Self Made Man

Norah Vincent

I first read this about five years along with another book - it served as an unintentional yin to the extreme yang of The Game by Neil Strauss, the notorious chronicle-slash-manual of the "art" of pick-up artists. I've often thought about it since, so I thought re-reading was worthwhile.

The book is like the equivalent of Watching The English but for (American) men - an inside view from an outsider. Norah Vincent spent a year disguised as "Ned", in largely exclusively male environments (including bowling leagues, strip clubs and a monastery) and also in mixed environments (for example, dating) as a man. She discusses and make contrasts between the way men behave amongst themselves and received women's wisdom about how and why men act; and between women's assumptions about men's motives and what she discovers to be their real motives.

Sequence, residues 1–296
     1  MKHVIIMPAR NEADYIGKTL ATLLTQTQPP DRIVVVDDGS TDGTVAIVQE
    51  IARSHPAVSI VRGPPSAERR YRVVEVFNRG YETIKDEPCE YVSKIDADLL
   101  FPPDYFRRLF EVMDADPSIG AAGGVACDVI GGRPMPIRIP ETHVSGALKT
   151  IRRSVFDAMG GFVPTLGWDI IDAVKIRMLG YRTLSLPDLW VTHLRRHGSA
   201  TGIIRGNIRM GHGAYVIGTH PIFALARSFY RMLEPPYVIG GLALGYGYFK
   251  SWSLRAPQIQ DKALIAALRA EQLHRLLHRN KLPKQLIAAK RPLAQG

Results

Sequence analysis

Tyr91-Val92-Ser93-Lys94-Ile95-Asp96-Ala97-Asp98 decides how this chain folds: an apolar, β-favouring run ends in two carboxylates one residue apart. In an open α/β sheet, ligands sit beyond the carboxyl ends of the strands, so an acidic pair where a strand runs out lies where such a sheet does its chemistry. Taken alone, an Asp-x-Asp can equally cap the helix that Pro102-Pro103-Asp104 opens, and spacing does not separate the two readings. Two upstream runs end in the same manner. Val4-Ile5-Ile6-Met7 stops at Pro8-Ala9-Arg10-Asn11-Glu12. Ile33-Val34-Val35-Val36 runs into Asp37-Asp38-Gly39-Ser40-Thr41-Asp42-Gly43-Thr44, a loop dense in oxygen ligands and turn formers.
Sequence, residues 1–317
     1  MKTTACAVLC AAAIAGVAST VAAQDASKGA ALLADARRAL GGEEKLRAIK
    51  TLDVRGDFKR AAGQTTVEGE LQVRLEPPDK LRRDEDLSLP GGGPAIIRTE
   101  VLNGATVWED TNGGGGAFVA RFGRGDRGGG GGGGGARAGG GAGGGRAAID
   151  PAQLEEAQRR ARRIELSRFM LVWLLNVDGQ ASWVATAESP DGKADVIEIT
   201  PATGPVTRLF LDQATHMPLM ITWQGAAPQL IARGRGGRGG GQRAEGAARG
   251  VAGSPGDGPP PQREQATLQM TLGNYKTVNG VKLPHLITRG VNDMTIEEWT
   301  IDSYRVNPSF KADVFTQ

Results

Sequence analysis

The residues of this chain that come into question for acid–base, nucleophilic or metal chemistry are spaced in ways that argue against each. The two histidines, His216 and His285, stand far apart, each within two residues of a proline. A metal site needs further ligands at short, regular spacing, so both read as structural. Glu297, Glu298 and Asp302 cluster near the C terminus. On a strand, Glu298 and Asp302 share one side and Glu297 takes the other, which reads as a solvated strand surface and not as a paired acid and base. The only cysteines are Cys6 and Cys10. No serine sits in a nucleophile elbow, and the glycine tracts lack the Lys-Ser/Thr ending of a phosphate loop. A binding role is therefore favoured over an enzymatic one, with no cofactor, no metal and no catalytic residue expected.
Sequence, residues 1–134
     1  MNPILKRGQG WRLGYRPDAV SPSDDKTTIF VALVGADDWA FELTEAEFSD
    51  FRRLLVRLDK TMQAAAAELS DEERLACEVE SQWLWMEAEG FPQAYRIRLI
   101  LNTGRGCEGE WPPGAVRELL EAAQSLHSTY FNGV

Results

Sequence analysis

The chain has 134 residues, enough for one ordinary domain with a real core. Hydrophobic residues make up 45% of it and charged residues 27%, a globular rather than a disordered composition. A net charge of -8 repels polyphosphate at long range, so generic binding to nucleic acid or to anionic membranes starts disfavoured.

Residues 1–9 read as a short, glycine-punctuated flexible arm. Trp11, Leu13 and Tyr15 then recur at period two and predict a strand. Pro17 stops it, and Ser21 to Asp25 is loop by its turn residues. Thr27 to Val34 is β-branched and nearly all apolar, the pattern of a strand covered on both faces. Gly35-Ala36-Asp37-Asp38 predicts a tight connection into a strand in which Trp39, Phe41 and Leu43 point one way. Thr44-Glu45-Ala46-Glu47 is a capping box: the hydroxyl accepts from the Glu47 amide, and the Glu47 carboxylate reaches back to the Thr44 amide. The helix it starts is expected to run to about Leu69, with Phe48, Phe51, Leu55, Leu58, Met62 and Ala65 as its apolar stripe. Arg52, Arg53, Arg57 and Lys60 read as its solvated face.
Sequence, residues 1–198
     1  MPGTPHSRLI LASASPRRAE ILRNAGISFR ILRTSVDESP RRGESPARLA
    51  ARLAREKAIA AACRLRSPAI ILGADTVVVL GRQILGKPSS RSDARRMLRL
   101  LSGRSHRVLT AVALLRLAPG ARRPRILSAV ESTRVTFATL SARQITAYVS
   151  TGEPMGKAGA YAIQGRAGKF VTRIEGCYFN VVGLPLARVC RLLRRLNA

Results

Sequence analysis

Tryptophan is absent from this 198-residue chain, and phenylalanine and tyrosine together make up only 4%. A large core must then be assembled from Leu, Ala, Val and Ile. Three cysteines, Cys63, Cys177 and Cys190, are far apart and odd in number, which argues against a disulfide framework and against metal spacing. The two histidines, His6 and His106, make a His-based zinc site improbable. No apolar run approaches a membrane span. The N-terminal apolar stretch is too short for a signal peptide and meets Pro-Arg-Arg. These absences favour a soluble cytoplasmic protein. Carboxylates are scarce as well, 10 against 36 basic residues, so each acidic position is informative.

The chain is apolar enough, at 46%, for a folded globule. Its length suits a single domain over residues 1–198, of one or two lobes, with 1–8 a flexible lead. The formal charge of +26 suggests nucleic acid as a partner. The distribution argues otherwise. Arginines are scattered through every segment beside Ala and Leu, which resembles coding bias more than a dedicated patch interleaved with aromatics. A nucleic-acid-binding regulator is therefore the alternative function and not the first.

Since Norah Vincent is a journalist, this is an account of her journey and resultant opinions rather than anything scientific (is the latter even possible in this context?), but nevertheless she reaches the only reasonable conclusion: whatever generalisations, simplifications and stereotypes women and men hold about each other are both right and wrong. Or, to put it another way, it's not that simple. Yes, the stereotypes exist for a reason. No, that's not the whole story. Duh.

The book struggles a bit with length, since the material doesn't quite stretch, but it would be too much for a Sunday supplement article. Still very interesting. Now if only someone would do it the other way round!

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